If your company spends all its cash as it comes in (like living paycheck to paycheck), an acquirer will calculate that she needs to inject a lot of working capital into your business on closing day, which will deplete her resources and reduce the check she can write to you. Everything she has to put into working capital to continue the business, reduces the available cash that she could pay you and reduces your leverage to command a higher selling price.
How To Improve Your Cash Flow
There are many ways to improve your cash flow – and therefore, the value of your business. Here are just three simple ways you can try now.
- Find a way to reduce the cash you spend on equipment, however you can every time. Can you buy used gear on sites like eBay? Can you share a very expensive piece of machinery with another non-competitive business? Can you rent it instead of buying?
- Reassess your pricing. If you can’t accumulate cash reserves, check to see if you are underpricing your services or if your cost to price equation needs to be reviewed.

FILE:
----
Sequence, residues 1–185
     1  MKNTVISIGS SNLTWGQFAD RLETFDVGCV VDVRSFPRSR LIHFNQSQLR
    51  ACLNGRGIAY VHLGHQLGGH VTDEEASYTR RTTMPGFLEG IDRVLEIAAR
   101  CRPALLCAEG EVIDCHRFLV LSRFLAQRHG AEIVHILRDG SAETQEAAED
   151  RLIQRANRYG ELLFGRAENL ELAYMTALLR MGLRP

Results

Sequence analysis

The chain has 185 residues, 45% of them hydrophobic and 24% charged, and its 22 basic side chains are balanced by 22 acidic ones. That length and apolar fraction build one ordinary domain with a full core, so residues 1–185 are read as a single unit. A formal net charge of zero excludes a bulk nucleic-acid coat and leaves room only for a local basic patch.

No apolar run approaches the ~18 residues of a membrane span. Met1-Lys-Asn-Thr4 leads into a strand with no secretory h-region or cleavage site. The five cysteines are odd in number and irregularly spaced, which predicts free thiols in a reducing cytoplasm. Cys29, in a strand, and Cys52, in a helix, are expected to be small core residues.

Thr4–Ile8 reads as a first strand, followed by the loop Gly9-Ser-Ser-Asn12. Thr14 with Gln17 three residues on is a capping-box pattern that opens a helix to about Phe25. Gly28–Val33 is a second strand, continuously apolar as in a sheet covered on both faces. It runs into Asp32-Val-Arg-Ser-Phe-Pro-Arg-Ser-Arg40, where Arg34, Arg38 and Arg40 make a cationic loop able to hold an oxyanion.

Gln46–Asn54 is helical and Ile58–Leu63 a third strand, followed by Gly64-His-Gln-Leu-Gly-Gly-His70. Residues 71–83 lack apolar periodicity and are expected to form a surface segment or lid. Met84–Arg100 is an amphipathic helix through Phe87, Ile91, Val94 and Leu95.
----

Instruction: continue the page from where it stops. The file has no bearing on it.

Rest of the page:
- Streamline processes and productivity to keep payroll and services within budget allocations.
Profits are an important factor in your company’s value but so too is the cash your company generates. We call this phenomenon The Valuation Teeter Totter and it is one of the key drivers of the value of your company. Curious to see how you’re performing on a whole set of value drivers? Get your private Sellability Score here.
“Most traders never plan or even discuss their Forex exit strategy. “
In the world of Forex trading, that’s what Pete Visconti says. In his world, traders pay more attention to their entry, setting up a good trade and timing profits. They forget or don’t look at the cost of not having a Forex exit strategy for each trade too.
As Visconti learned the hard way himself:
“Although, traders will argue which is more important,
you need to understand that they both are.
Just make sure they are planned and part of your trade plan.”
Analogous to his advice for traders to have a Forex Exit Strategy, here are my four points for Entrepreneurs/CEOs to plan your business exit strategy before you plan your market entry:
- Know What Your Business Exit Strategy Will Be BEFORE You Launch Your Business.
If you are in business and didn’t do this up front, you are already behind. It’s already harder for you to make good clear decisions about your business day to day, because you don’t know what your exit options are; what you are aiming for.